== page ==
VMT Rears Its Ugly Head Again


So The Los Angeles Times ran a story today all about possible “congestion pricing” schemes coming soon to certain roads in the LA area soon.

While the article lauds the social engineering aspect of the concept – even quoting one expert that “LA needs to stop pandering to automobile drivers” - the Times story literally never mentions either the downsides or how congestion pricing or vehicle miles traveled (VMT) taxes work in practicality.

Here’s the story: https://www.latimes.com/california/story/2023-05-30/congestion-pricing-study-la-drivers-freeways-405-10-101 . If you hit the paywall, it’s almost worth signing up for the dollar-a-month digital promo to be able to read the exact opposite of a proper news story.

Due to that egregious oversight, we at the Globe thought it would be a good idea to let the public know what the idea actually entails.

First, the basics. A VMT involves charging a driver a fee when they drive on a particular street, or in a particular area, or at a particular time of day – or all three combined (for an in depth look at the possibilities, see here - What Is VMT?).

LA Metro is reportedly looking at pilot programs that would charge drivers on the 10 from downtown to Santa Monica, people driving around downtown, and folks going up and over the hills to get to the Valley. There are no set fees at this time, but these three zones embody each of the three main concepts – downtown would be the particular area, or “cordon,” the 10 would be the particular road, and to and from the Valley could be a combination of all three.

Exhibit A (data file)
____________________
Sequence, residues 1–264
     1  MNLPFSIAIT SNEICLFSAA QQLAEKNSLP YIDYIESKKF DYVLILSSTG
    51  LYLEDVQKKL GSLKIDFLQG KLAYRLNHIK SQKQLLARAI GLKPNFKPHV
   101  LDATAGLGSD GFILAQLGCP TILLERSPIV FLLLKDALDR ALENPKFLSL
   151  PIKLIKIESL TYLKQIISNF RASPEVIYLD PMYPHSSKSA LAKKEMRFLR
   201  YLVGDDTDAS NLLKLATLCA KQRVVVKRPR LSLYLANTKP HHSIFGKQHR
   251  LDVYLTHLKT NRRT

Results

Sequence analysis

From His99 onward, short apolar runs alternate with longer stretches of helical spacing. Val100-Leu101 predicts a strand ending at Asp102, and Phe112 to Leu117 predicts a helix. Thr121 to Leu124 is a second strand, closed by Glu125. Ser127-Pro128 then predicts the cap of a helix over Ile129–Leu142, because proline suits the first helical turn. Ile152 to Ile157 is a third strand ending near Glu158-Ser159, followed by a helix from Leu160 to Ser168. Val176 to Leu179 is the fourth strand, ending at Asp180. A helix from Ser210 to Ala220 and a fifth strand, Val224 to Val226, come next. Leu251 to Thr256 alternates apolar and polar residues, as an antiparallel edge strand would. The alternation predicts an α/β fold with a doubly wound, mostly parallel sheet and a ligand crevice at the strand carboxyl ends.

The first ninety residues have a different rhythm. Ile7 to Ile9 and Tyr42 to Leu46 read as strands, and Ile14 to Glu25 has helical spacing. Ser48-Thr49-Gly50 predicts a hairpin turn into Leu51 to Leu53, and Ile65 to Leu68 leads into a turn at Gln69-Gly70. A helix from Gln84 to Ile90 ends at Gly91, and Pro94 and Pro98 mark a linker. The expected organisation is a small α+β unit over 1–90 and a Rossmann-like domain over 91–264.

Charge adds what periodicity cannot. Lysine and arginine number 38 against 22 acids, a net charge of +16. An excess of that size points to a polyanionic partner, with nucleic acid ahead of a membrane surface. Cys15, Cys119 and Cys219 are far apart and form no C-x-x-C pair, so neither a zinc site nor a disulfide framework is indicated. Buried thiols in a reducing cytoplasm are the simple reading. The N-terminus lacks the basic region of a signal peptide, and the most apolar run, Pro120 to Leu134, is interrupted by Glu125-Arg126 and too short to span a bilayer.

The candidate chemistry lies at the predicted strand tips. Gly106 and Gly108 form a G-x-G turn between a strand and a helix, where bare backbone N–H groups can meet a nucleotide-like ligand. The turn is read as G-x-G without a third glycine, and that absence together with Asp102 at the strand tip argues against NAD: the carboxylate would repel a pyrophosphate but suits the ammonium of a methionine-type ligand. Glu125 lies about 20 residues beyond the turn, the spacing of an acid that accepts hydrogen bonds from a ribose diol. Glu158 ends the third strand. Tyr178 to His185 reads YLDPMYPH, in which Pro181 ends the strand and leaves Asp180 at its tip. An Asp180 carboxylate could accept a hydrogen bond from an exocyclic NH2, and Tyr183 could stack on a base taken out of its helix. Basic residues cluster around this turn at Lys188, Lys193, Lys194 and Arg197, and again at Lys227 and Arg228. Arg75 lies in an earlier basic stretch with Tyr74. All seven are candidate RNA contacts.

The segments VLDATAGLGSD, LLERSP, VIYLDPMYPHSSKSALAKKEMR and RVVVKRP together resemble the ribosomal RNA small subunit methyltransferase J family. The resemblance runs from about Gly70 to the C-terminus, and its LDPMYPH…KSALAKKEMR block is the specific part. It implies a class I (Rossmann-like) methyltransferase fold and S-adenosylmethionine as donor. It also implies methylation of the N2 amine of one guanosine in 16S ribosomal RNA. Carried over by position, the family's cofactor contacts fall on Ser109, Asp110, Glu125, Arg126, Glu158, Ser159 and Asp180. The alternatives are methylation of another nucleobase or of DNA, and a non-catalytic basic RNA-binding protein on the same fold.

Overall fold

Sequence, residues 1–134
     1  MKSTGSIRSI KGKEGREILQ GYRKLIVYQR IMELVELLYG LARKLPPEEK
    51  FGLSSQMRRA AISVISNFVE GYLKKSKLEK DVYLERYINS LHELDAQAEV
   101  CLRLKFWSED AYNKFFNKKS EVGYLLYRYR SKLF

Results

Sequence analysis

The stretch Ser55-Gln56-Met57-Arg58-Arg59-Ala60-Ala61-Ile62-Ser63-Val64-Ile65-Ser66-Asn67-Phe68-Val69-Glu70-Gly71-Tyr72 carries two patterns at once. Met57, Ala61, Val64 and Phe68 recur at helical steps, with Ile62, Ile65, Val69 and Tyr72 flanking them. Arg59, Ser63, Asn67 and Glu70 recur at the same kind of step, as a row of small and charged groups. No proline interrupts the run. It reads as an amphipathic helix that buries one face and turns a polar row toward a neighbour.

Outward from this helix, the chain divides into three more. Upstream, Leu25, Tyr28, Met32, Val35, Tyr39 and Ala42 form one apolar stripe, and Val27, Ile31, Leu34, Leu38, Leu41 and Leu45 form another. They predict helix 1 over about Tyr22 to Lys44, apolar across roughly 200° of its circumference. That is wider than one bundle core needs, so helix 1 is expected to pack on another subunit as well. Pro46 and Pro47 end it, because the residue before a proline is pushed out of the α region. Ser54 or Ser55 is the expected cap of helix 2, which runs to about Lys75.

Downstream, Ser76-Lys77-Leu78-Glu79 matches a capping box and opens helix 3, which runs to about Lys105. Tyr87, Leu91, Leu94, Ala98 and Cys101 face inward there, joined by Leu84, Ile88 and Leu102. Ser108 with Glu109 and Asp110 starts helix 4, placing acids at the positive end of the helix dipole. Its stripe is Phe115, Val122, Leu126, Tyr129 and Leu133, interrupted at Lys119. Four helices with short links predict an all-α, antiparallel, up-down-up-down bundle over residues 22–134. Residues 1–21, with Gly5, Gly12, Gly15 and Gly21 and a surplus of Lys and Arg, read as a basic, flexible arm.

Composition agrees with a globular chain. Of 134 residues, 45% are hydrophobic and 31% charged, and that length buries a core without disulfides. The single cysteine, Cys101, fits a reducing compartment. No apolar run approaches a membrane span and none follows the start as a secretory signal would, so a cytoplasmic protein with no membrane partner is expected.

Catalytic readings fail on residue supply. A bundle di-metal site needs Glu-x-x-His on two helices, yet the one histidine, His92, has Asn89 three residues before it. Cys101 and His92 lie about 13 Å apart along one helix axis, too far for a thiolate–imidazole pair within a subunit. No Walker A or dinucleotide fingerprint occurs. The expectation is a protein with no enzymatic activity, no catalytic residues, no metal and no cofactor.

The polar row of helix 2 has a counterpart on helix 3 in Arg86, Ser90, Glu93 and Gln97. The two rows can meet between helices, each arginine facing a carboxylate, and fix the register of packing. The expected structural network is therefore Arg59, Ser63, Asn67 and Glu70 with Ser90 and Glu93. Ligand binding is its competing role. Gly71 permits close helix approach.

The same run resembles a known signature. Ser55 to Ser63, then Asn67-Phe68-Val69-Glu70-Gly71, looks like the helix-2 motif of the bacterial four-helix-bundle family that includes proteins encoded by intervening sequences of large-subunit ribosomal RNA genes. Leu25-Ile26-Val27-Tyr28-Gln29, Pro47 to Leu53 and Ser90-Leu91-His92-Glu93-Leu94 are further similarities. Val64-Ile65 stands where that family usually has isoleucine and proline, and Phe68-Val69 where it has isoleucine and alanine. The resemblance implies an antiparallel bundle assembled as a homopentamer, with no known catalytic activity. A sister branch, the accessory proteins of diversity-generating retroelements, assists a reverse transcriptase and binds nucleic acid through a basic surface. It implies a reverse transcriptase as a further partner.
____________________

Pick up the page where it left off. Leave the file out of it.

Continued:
For example, the much touted “cordon” pricing systems in London and Stockholm charge a fee when you enter a certain part (that part keeps growing for some reason) of the city. In London, it’s about $18 to drive around in the city center between 7 a.m. and 6 p.m. on a weekday. Also, if you happen to not have an “Ultra Low Emission” vehicle (ULE’s are currently defined, if its gas powered, as being built relatively recently though it is more detailed than that) you will get dinged an additional $15 for the day and that applies in an area much larger than the congestion price - https://tfl.gov.uk/modes/driving/congestion-charge. And the zone will expand in August, which is a typical feature of VMTs – they start small but metastasize over time.

In Stockholm, the system pings a car each time it enters or leaves the downtown area and charges a time-dependent amount. For those who get charged multiple times, it does have a daily cap of about $12.

New York City is about to institute a similar cordon program, potentially soon charging between $10 and $15 if you want to drive below 60th Street in Manhattan. The justifications include reducing traffic, cleaning the air, and, of course, “Promoting equity by providing expanded access to the transit system.”

Read the rest of this piece at The Point.

Thomas Buckley is the former Mayor of Lake Elsinore and a former newspaper reporter. He is currently the operator of a small communications and planning consultancy and can be reached directly at planbuckley@gmail.com. You can read more of his work at thomas699.substack.com.

Image: courtesy The Point.